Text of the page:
Album Review: Disembarked – “I Do Nothing But Regret The Fact I Left”

Considering the vast amount of screamo/post-hardcore revivalist bands knocking around in the US and UK at the moment, it comes as a quite a surprise that one of the best current records in this genre would instead come from Sweden. It’s true though, there has definitely been an over-saturation of bands that “sound a bit like Defeater” or “sound a bit like Touché Amoré” in recent years. As much as I admire Pianos Become The Teeth for their ferocious onslaught and La Dispute for their off-kilter poetic twist, the influence these bands have had on this new wave of acts both sides of the Atlantic is often far too apparent and it can get a bit boring to hear.

I’m a big fan of this genre and have been since I was a teenager, so in defense of some of these unoriginal “wave-riders” that we see popping up as an opening act for a band that sound exactly like a better version of them, at least they aren’t all playing the tough-guy hardcore or hardcore/death metal crossover you literally couldn’t escape a few years back. You know the types, the kind of bands with fans that somehow think they have more in common with the hip-hop scene than they do the punk scene. Don’t get me wrong, I’m partial to a bit of grunting and a punch the floor breakdown every now and again but my heart will always lie with the emotional side of hardcore music.

This is where Disembarked come in. Not only are they from a country that doesn’t have as big a scene for this style of music as the US and UK, but they’ve gone and created a record that genuinely stands out in comparison to hundreds of releases that those countries have provided in the last few years. ‘I Do Nothing But Regret The Fact I Left’ is an aggressive, passionate and intricate demonstration of why Disembarked deserve to be up there with the bands I mentioned at the start of this review. Sure, there are a few similarities to those bands (mostly Pianos Become The Teeth) but the Stockholm five-piece have approached screamo in their own way, rather than shamelessly copying an existing template.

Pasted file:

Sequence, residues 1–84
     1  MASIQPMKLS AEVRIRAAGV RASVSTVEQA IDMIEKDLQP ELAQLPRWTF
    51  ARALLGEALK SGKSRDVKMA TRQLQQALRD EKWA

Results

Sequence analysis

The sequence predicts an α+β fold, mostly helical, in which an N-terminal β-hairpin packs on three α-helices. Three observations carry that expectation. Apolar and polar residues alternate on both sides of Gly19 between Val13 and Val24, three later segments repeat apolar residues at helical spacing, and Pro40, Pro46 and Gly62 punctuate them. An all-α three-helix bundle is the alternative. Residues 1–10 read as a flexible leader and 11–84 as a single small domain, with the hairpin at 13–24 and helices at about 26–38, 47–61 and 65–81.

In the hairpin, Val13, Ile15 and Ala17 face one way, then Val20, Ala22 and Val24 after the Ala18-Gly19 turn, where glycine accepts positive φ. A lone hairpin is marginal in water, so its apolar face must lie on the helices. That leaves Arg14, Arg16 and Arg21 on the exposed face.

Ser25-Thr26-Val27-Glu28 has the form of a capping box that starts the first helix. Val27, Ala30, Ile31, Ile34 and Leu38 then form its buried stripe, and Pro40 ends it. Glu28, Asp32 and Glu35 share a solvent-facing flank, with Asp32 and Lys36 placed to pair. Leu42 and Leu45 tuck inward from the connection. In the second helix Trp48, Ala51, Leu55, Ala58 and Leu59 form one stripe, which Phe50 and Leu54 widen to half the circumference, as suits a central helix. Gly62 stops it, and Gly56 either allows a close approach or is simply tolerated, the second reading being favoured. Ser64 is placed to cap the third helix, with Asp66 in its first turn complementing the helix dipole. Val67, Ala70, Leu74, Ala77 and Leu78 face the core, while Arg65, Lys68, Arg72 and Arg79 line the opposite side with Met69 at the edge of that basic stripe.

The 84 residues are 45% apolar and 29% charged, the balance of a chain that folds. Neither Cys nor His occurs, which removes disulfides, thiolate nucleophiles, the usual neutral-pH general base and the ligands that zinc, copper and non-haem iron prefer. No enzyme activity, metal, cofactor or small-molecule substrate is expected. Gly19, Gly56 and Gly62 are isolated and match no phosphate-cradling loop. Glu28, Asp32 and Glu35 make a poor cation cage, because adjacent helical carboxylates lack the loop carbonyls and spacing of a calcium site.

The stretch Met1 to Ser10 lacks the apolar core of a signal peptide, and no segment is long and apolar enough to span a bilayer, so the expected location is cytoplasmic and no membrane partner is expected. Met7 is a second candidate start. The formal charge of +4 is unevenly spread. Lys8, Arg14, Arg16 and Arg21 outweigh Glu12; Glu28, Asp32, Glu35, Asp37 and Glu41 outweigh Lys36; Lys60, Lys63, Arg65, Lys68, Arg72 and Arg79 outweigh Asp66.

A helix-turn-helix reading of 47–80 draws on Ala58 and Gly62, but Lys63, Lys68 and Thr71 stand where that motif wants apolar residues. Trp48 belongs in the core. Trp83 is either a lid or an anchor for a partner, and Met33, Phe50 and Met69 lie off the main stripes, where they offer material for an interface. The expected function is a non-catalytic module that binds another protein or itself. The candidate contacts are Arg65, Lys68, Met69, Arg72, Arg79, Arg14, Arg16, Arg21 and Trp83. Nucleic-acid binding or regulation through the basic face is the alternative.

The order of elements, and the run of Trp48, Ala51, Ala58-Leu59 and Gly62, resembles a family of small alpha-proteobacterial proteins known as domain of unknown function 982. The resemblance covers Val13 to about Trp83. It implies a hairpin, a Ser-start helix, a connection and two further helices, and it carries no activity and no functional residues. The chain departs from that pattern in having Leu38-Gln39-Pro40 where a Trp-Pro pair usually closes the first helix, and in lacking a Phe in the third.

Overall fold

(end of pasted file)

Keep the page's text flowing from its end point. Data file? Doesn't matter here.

This record owes as much to post-rock as it does shouty, fast music. Parts of it sound like they could’ve been written by a really angry Mogwai or Explosions In The Sky, if only you were to take away the raspy screamed vocals. This combination of styles is a difficult one to pull off, and Disembarked have hit the nail on the head. The emotional vocals work really well with the spacey, atmospheric music and they switch between the chaotic and the beautiful effortlessly and often.

I’m not even going to go into details analyzing each song or picking out favourites as this whole release is packed full of changes and highlights, all led by some fantastic drumming and clean, graceful guitar leads. Oh, and did I forget to mention that this five track EP lasts only eleven minutes?!!

Two days after deciding I would review this EP I realized they were playing at a small pub venue for Nai Harvest’s record release party, which I had already planned to attend without even knowing Disembarked were on the bill. One of only three UK dates and literally two minutes walk from my house! This band put so much into their live performance and left such an immediate impression on the crowd that they completely overshadowed the two supports that followed them. Take note – Disembarked are something special.

5/5 Stars

FFO: Birds In Row, Pianos Become The Teeth, Caravels, Raein

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